April 30, 2013 § 5 Comments
Chancellor Ed Roberts of Oxford suffered stroke symptoms while on the bench last week. He at first insisted on finishing his docket, but finally relented and agreed to be taken to the ER at Baptist Hospital.
It was at the hospital that he learned that he has inoperable lung cancer and brain cancer. He is headed to MD Anderson Hospital in Houston.
I know he and his wife Sheila would appreciate your prayers. Judge Roberts’ brother, Larry, is a judge on the Court of Appeals. Both are natives of Meridian.
April 29, 2013 § Leave a comment
April 24, 2013 § Leave a comment
The COA case of Maurer v. Maurer, handed down April 9, 2013, calls our attention yet again to the phenomenon of the self-represented parties and the imaginative ways that they can inflict damage on their interests using the legal system for that purpose.
Raven and Michael were divorced in 2006. Commencing in 2007, they engaged in a long-running battle over custody and visitation in which allegations of sexual abuse were made, a GAL was appointed, a termination of parental rights action was filed, custody orders were entered bouncing the children from one parent to the other, and, finally, a hearing was held in 2011, on the termination of parental rights, pleadings for modification of both visitation and child support, and multiple contempt allegations.
The chancellor ruled against Raven’s termination request and found Michael in contempt for failure to pay child support. But the judge did not adjudicate the amount of the arrearage or the amount of reduction in child support Michael should have; instead, she ordered the parties to submit proposed findings of fact and conclusions of law on those issues.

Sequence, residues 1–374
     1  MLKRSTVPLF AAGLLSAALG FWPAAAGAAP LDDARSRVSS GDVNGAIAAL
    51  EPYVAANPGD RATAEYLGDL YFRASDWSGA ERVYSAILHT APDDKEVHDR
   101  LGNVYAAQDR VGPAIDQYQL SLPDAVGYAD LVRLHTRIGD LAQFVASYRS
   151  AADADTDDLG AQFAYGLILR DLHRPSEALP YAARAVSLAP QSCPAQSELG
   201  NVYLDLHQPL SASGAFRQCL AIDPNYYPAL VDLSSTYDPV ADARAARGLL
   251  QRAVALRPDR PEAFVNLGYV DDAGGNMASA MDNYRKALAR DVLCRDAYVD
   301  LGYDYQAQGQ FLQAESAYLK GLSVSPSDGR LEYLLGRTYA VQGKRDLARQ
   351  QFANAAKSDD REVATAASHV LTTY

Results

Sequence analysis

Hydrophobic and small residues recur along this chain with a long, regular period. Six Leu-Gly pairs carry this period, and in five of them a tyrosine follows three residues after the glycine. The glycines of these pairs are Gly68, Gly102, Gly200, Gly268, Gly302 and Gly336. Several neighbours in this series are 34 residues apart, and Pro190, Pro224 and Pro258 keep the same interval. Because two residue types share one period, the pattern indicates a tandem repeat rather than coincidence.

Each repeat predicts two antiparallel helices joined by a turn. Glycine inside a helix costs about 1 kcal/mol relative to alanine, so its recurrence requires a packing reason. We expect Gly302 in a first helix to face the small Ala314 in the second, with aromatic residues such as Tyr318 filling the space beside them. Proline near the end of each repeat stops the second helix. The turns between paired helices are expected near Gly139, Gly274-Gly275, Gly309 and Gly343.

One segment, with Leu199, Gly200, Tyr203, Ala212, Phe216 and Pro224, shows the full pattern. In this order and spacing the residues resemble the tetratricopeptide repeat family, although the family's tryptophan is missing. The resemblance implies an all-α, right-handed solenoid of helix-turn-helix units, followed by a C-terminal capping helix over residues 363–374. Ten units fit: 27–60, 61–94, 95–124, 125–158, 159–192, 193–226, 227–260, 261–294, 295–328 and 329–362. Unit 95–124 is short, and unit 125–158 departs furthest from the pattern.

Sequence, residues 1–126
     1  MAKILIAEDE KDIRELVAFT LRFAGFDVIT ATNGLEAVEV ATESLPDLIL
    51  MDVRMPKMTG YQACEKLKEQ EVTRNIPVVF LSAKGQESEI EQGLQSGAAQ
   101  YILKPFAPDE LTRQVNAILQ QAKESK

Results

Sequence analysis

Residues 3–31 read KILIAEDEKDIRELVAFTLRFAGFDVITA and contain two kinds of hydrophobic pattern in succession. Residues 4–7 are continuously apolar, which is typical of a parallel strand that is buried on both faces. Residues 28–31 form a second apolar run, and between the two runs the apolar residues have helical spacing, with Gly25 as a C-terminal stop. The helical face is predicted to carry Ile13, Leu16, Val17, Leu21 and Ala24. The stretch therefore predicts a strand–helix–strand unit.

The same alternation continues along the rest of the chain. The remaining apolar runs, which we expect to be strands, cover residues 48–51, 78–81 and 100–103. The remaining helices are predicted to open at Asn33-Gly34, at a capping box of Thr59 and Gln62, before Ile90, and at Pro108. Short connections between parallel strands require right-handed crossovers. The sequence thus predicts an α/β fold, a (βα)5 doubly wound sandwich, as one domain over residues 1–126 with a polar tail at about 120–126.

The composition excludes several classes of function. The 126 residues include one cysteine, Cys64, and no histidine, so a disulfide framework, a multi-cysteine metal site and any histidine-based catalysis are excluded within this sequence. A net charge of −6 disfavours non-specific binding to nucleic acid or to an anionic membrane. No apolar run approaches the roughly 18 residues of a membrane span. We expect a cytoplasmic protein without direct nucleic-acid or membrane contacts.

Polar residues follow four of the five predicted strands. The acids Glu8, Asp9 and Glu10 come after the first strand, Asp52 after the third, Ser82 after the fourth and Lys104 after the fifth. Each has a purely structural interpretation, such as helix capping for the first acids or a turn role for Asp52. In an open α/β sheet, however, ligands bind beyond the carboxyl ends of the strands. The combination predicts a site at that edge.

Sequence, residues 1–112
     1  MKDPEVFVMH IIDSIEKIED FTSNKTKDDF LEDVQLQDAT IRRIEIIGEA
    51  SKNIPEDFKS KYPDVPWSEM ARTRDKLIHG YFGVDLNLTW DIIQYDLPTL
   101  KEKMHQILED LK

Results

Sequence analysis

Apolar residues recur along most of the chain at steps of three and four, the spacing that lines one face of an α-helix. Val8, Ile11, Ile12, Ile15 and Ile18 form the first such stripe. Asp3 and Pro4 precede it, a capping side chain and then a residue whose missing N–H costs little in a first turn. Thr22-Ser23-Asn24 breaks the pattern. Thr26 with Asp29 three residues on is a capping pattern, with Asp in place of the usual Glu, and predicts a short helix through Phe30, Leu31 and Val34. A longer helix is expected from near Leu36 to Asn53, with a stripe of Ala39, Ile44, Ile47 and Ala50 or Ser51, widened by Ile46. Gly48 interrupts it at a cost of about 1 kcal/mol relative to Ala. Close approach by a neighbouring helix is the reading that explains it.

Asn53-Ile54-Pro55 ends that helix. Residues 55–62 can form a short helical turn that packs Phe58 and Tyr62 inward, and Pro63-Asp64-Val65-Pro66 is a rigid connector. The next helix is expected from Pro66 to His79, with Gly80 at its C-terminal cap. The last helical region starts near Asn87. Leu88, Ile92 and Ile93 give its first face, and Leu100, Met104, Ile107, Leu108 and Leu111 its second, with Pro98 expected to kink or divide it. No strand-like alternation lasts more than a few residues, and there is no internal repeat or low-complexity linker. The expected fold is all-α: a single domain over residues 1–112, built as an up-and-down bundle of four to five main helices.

Raven filed a pro se appeal. Michael is listed as pro se in the appeal, also.
Just for fun, let’s have a little quiz on how the COA ruled. Multiple choice, pick the likely outcome:
(A) The appeal is dismissed because this was an MRCP 81 action at trial, and MRCP 81 is hopelessly outdated and anachronistic and too complicated for pro se litigants to comprehend;
(2) The appeal is dismissed based on MRCP 44.1, determination of foreign law; or
(x) The appeal is dismissed because the chancellor’s “final judgment” adjudicated fewer than all of the contested issues, and there was no certification per MRCP 54(b).
If you guessed (x), you’re right. As the court’s opinion, by Judge Maxwell, stated, although the chancellor adjudicated “the vast majority of disputed issues,” there were matters left unaddressed, so there was no final, appealable judgment, and the COA has no jurisdiction unless there had been a certification under MRCP 54(b), or Raven had gotten leave to file an interlocutory appeal, which (surprise, surprise) she did not do.
The only remarkable thing to me about this case is how people, heedless of the legal harm and expense they can inflict on themselves, persist in pursuing complex legal matters pro se. We’ve seen many cases over the past several years where the R54(b) snare tripped even skilled lawyers; how is a lay person to know how to negotiate these shoal waters? As I have observed many times, I have never seen a pro se litigant walk out of the court room in better shape than when he or she walked in. Raven went to a lot of expense in this appeal for nothing.
April 23, 2013 § 2 Comments